Time Warner: No Colbert? Count Me Out

Over the past few years, the amount of time I’ve had to plop in front of the TV and channel-surf has decreased (there is a LOT of online video to watch, y’all). Even with my TiVo at the ready, I still only watch about two or three hours of cable programming a week. Still, when TVWeek’s Daisy Whitney went cable-free and chronicled the experiment for her column, I admired the results but shrugged off the idea of canceling my own service as absurd. A former latchkey kid who could literally watch TV from the moment I got home until the moment my parents sent me to bed, having access to cable television has always been an important creature comfort to me. It is my solace when I am sick, my reward for hard work. It has been my friend for a long time. I never thought I’d have a reason to send it away.

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<em>Viacom is running ads in today's newspapers featuring a crying Dora the Explorer, who does not want to leave Time Warner Cable</em>.

Until, of course, yesterday. As one of the 13 million Time Warner subscribers who will be affected by Viacom pulling its channels from the provider, I’m steamed. So much so that I’m reevaluating my cable subscription — even despite having recently gotten a reduced monthly rate to go along with an upgrade to HDTV. Because while there are online alternatives for most of the programming I do watch, the fact is that more than half my reason for continuing the service will be going away tomorrow morning. After all, what is MSNBC without a Jon Stewart chaser?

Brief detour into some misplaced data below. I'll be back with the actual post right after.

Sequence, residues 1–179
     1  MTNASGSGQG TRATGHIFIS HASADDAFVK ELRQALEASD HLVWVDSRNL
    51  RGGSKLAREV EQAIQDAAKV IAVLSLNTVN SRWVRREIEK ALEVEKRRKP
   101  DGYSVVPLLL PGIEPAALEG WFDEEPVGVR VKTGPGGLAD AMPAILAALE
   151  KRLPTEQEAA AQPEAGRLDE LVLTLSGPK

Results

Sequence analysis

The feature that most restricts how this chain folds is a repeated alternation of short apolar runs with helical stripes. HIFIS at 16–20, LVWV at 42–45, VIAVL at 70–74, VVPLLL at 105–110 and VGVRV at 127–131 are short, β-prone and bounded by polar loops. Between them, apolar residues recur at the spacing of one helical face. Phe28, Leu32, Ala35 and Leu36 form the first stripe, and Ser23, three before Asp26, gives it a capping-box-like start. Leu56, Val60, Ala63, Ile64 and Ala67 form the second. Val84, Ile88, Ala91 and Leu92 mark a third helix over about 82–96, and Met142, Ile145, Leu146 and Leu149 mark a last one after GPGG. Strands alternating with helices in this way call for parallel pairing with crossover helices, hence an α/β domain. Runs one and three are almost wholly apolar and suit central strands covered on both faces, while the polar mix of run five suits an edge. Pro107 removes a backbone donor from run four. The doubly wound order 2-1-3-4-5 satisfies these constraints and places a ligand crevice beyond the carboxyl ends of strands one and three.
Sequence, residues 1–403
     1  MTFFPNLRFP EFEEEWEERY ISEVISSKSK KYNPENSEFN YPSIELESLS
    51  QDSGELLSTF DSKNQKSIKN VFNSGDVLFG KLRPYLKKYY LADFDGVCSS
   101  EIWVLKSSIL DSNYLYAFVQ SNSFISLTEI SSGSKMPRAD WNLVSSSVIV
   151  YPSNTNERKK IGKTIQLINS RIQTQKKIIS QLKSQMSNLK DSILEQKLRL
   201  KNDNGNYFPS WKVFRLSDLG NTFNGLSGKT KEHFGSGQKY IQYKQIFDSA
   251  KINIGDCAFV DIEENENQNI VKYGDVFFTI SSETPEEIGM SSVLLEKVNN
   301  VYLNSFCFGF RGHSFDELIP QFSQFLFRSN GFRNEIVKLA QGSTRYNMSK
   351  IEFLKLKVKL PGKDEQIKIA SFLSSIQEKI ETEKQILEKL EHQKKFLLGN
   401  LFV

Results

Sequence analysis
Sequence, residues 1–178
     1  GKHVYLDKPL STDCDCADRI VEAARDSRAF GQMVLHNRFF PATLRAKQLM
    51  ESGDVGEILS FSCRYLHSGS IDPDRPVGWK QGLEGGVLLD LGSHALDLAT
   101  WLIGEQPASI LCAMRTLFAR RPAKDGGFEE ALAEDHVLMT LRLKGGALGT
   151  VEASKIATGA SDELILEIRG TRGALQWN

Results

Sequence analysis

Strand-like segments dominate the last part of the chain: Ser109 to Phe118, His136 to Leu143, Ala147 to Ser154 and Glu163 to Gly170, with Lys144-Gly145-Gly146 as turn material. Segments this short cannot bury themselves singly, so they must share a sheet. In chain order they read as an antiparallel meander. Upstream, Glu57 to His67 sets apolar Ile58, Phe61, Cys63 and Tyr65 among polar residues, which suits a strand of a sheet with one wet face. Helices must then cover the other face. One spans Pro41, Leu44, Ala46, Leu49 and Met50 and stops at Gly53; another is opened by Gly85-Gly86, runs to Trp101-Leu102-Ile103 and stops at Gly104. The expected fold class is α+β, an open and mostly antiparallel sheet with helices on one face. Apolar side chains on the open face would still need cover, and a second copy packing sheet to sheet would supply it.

And I’m not the only one who feels this way — according to Nikki Finke of Deadline Hollywood Daily, Time Warner call centers have been flooded with complaints. I’ll be rising up with my 13 million brothers and sisters today when I call Time Warner to bitch, moan, and ask whether or not they will be providing discounted rates to make up for this outage. I don’t care which one of these media conglomerates is right. I want justice.

So Time Warner: You have a week. If this isn’t resolved by Jan. 7 I’ll be cutting the cord, too. After all, I have online options for the bulk of my favorite shows (thank you, Hulu), regular broadcast TV for major events like the Olympics, friends with satellite dishes for when Entourage comes back, and an XBox 360/Netflix hookup for when I just need to sit on the couch and watch bad movies. So I’ll probably watch the exact same amount of TV as I did before — just without paying so much for the privilege.

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